Modi’s Currency Ban Survey App is Unfairly Built to Succeed

What do you do when there is no option to disagree with a survey question set by your Prime Minister?

4 min read
Modi’s Currency Ban Survey App is Unfairly Built to Succeed

A fortnight after Prime Minister Narendra Modi made a sudden announcement about the demonetisation of Rs 500 and Rs 1000 notes, he unreservedly tweeted out to fellow Indians asking for their feedback.


He was referring to a survey on the Narendra Modi App.

Surveying 101

The survey consists of 10 questions to assess the mood of the people on various aspects of the note ban, with the tenth question asking for feedback and suggestions through a text input field.

  • Question 1of the survey. (Photo: The Quint)
  • Question 2 of the survey. (Photo: The Quint)
  • Question 3 of the survey. (Photo: The Quint) 
  • Question 4 of the survey. (Photo: The Quint) 
  • Question 5 of the survey. (Photo: The Quint)
  • Question 6 of the survey. (Photo: The Quint)
  • Question 7 of the survey. (Photo: The Quint)
  • Question 8 of the survey. (Photo: The Quint) 
  • Question 9 of the survey. (Photo: The Quint)

However, the essential purpose of an opinion poll was entirely lost with leading, biased questions, and sometimes even no option to say one disagreed.

Poorly designed surveys usually lead to biased or ill-informed decisions. In the case of the demonetisation survey on the NM App, I do not believe that Mr Modi or anyone trained in marketing research has designed this survey. Rather, it looks like the work of an intern unfamiliar with survey design.
Prithwiraj Mukherjee, Assistant Professor of Marketing, IIM Bangalore
Question one of the survey. (Photo: The Quint)

This question passes the expert’s test as a “yes” or “no” question.

Question two of the survey. (Photo: The Quint)
This asks two questions simultaneously, and is a leading question as well, because it makes no attempt to find out if the respondent thinks that black money or corruption are evil.  
Prithwiraj Mukherjee
Question three of the survey. (Photo: The Quint) 
What moves? There are multiple moves the government may have proposed or executed independent of one another. 
Prithwiraj Mukherjee

An interactive tool asks you to rate the moves for an answer between +1: Bad Experience; +2: Could Improve; +3: It's Okay; +4: Nice; +5: Brilliant. What is the difference between “it’s okay” and “could improve”? Why is “bad” a plus one?

Question four of the survey is vague in the same ways. Voters have to select from “very poor”, “poor”, “don’t know”, “good” and “very good”. (Photo: The Quint)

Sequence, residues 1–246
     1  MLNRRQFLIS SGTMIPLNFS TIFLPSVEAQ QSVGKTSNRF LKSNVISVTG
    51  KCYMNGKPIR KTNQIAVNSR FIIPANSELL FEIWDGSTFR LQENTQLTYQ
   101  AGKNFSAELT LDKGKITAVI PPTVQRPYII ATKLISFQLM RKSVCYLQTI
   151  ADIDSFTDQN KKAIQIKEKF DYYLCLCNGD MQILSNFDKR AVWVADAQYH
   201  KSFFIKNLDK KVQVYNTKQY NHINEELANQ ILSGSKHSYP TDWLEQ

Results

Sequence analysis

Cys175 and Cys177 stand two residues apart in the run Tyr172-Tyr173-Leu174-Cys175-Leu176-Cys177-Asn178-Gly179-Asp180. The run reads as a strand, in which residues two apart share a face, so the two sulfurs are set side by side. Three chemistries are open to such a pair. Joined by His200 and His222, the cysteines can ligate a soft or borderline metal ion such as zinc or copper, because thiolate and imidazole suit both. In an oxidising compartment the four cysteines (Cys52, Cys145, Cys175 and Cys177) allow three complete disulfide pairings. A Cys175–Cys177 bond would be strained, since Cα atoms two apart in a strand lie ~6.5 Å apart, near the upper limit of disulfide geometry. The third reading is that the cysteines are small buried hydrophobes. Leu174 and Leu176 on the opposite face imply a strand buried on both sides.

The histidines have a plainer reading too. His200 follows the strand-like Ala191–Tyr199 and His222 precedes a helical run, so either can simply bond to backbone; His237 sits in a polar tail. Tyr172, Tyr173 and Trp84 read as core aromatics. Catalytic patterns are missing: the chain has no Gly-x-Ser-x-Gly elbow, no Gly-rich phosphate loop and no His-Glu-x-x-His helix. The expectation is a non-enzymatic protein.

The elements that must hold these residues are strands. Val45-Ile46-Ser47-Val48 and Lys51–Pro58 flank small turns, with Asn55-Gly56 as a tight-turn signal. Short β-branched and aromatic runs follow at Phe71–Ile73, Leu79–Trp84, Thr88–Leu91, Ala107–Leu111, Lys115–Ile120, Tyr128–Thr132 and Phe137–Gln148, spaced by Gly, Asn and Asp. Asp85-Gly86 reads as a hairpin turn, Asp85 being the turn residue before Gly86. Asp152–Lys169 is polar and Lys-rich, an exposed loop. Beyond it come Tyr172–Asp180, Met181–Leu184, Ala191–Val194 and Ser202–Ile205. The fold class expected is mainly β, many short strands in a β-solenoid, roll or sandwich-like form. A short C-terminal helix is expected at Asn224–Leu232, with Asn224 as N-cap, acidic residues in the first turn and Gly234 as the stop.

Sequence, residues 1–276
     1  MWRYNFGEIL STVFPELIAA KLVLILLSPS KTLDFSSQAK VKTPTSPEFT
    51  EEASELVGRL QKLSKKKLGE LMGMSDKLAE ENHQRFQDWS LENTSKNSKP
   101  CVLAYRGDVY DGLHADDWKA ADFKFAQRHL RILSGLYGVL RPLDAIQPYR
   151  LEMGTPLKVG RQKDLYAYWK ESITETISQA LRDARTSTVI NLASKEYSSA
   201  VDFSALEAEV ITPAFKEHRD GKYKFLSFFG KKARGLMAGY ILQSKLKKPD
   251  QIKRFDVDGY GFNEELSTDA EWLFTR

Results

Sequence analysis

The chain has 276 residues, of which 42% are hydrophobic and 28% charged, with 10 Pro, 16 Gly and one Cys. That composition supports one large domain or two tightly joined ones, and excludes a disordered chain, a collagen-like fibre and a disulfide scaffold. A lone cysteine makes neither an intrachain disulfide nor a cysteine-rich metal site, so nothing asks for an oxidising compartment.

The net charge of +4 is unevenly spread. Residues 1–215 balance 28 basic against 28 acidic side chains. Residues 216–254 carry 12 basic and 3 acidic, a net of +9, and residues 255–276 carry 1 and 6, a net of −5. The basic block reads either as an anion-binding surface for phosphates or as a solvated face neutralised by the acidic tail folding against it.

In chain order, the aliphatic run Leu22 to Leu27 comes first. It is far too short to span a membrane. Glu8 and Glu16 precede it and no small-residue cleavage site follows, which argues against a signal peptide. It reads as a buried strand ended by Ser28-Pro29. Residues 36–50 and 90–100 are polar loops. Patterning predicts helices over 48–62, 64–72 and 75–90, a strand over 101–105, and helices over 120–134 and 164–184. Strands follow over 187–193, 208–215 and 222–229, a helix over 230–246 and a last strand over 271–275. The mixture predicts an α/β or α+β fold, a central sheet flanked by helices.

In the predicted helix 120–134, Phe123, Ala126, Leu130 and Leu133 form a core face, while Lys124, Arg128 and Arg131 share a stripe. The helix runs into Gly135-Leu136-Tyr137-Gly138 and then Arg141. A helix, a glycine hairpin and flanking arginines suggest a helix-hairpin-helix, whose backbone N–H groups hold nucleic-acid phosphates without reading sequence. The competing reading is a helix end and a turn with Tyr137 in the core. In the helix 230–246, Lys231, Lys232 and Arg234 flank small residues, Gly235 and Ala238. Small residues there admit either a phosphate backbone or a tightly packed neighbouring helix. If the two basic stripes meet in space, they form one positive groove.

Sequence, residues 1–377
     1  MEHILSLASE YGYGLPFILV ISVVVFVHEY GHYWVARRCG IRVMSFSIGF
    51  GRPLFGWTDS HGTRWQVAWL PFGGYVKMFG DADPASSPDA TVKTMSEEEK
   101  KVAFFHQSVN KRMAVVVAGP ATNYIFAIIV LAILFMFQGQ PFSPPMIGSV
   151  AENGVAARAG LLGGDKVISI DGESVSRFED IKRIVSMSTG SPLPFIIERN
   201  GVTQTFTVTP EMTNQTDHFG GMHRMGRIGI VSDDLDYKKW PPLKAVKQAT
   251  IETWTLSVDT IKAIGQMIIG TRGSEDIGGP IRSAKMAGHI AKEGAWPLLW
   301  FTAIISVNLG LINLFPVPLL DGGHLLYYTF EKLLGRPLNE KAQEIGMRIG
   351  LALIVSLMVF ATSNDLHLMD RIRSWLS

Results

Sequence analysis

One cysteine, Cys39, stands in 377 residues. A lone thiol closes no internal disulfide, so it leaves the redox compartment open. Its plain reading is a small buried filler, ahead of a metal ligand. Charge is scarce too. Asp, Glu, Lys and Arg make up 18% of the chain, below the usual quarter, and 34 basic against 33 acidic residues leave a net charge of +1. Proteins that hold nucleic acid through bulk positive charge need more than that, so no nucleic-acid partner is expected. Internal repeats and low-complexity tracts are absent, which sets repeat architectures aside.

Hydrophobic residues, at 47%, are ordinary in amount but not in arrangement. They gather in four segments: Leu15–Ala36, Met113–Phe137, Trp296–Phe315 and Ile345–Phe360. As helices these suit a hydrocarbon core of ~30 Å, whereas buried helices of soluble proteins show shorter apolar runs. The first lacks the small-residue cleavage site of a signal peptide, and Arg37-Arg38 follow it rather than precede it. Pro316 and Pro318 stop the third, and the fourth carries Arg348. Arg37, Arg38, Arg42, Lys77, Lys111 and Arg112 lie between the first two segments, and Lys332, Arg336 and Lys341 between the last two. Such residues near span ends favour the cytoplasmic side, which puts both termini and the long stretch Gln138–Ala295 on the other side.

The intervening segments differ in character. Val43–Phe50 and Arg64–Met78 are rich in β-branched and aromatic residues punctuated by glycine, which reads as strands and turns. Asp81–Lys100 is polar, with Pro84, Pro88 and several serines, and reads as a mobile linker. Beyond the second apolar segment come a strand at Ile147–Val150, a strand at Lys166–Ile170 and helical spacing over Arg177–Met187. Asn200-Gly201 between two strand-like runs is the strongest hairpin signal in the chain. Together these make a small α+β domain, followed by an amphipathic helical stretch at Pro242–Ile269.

A slightly better way would have been to list down the prominent “moves” and “efforts” separately, providing information about each in brief. The ideal way to ask both these questions would have been to give the voters a text field to input their feedback and opinion.

Question five of the survey. (Photo: The Quint)

This, too, would serve its purpose best if it were an open-ended text answer instead of a rating chart from “bad” to “excellent.”

People collecting money from a mobile ATM at Pragati Maidan in New Delhi, 14 November, 2016. (Photo: PTI)
Question six of the survey. (Photo: The Quint)

An instance of a “triple-barrelled” question, the voter in this case is forced to answer three questions with one opinion.

The options are “immediate impact”, “medium-long term impact”, “minimal impact” or “don’t know”. In this case, even the framing of the answers is unfair, with no option to say that the move will not have any impact.

Question seven of the survey. The options following this statement are “completely agree”, “partially agree” and “can’t say”. (Photo: The Quint)

Multiple questions and the use of the assertive “will” to induce opinion where there may be none aside, there is no option to disagree. For a question that has been so widely debated in the media and political spheres over the last few weeks, no space to dissent in response to this assertion is a big red flag.

Question eight of the survey. (Photo: The Quint) 
First of all “our efforts to curb...” is severely leading. It is begging for a “not at all response.” Also, it is not established if an inconvenience was felt, and the extent of that inconvenience. Also note the framing of the options: “Not at all” suggests vehement support of the initiative while “yes” is neutral in opposition. Also, there may be people who were somewhat inconvenienced, but did not feel it was worth it, as well as other options. [It is an] extremely poor question.
Prithwiraj Mukherjee
Question nine of the survey (Photo: The Quint) 

Perhaps the most outlandish query of the survey, this back-handed question seems to be aimed at his political opponents and those who have spoken up against the implementation of the move. A “yes” or “no” question, it serves little purpose on gaining mass opinion of the currency ban and seeks more like a rallying call.

But the biggest flaw of this feedback session is its unfair sample size or reach, considering how only 17% of India’s population has access to smartphones as of February 2016.

It is then no wonder that the results of this “historic” survey after just Day One look like this:

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